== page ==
Dubstep guns. Willy bats. Giant balls of yarn. None of these appear in Cusine Royale, but it’s a positive step towards the Saints Row Royale game I’ve been craving.
Cuisine Royale is an odd beast. It started life as an April Fool’s gag about a kitchen utensil-based version of PlayerUnknown’s Battlegrounds and has since morphed into an actual, free-to-play game. And it’s surprisingly entertaining, though it has a couple of rough edges and a degree of grind.
As is the case with most battle royale games, you start off with nothing but a melee weapon to your name, forcing you to scramble for a ranged weapon of some description. Supernatural powers do come into play, but they don’t kick in until you’ve stretched your legs and murdered enough players to charge them up. There’s a palpable sense of panic as you make a bee-line for the nearest cover; you know it’s safer to crawl but the comforting prospect of arming yourself, even if it’s only with a handgun, eats away at your sense of logic.
Equally alarming is the fact that there are only 30 or so players per match; you’d think that, compared to PUBG‘s 100, you’d be in for an easier time – but far from it. Without the initial wave of murders, you get the sense that your foes are more careful, more calculating. That may well be a fallacy, especially when you look through your sniper rifle and see someone bunny-hopping around the landscape, but the reduced population dials up the tension.
Aside from solo mode, you can pair up with another player or make a team of four – the latter mode lets you resurrect players by carrying their skulls to a bonfire in the middle of the map. In theory, that’s a smart, sensible way of keeping players in the game; in practice, everyone clears off when they’ve died so my efforts of raising the dead didn’t bear fruit. Instead, I settled for looting their corpses and running off cackling, with more guns and health-replenishing food I could ever need.
Cuisine Royale is at its best when it leans into the madness. Running around with a grill pan banging against your bumcheeks is good for at least five minutes of childish laughter. Of the various traps you can use, one triggers a zombie invasion of the map which I’m dying to experience first hand. I suspect later seasons will see the addition of more maps and more characters, adding to the current four-character (cowboy, cowgirl, shaman and thunder god) roster.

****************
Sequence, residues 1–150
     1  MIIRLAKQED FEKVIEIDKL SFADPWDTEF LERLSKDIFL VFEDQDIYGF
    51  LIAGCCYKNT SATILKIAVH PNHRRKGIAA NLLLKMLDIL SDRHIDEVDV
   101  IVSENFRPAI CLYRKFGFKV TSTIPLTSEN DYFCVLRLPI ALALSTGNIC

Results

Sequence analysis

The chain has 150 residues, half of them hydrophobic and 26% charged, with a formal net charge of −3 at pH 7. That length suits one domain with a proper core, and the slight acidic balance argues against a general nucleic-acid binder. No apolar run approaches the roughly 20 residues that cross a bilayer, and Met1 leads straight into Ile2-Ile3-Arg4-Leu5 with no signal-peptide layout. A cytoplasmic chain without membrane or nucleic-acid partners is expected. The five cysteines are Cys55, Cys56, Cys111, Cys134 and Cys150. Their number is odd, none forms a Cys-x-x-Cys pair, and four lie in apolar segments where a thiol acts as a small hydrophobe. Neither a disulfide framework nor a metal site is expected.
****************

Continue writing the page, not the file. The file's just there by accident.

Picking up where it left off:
The scenery in Cuisine Royale is a lot prettier than Player Unknown’s Battlegrounds‘ – but standing around to admire things will get you shot in the head or scorched by the shifting energy field that surrounds each level. Your view will also be obscured by your character since, even if you switch into first person mode, the game starts with you staring at your character’s backside. Which, if you haven’t paid for or earned additional outfits, will be clad in a rather small pair of pants and nothing else:
There’s a discomforting amount of open space no matter which of Cuisine Royale‘s maps you’re on. Even if you stumble across a car you’ll feel at risk – but the key is realising that the rest of your foes are in the same boat, too. Annoyingly, you can’t choose whether you leap into the Normandy or Mexico maps, which is frustrating. 90% of the time, I found myself roaming around Normandy which, with its handy wall-mounted machine guns, and abandoned houses, is a great area to hunker down in. But, after six straight Normandy matches, I found myself craving a trip to Mexico.
A lot of in-game items, particularly the wackier ones, are still linked to how much progress you make and how many achievements you hit. I tackled the game on the PC and PS4 and, on the latter platform, was given just under £100 of in-game currency and extras to play with. So, for example, instead of running around with a knife, my default melee weapon became some sort of Aztec cricket bat.
Despite the absurd cost of those extras though, I never felt that I had a serious advantage – though it may be that more seasoned Cuisine Royale players are able to make better use of these items. Given that Cuisine Royale is free, it’s not quite the same as having micro-transactions in a £45 game. And this is a game that let me roar across the land in a VW Beetle, a life-replenishing blood bag in my arm. Yes, I still lost, but I never felt like it was due to any failing on Cuisine Royale‘s part.
I can’t see Cuisine Royale becoming an esport, but it’s got a respectable following and I never once had problems getting a match. While the push to purchase/unlock items can be irritating, there’s still a lot of fun to be had here. Even if you’re not last man standing, you can rest easy in the knowledge you went to your grave wearing a posing pouch and a plague doctor’s mask.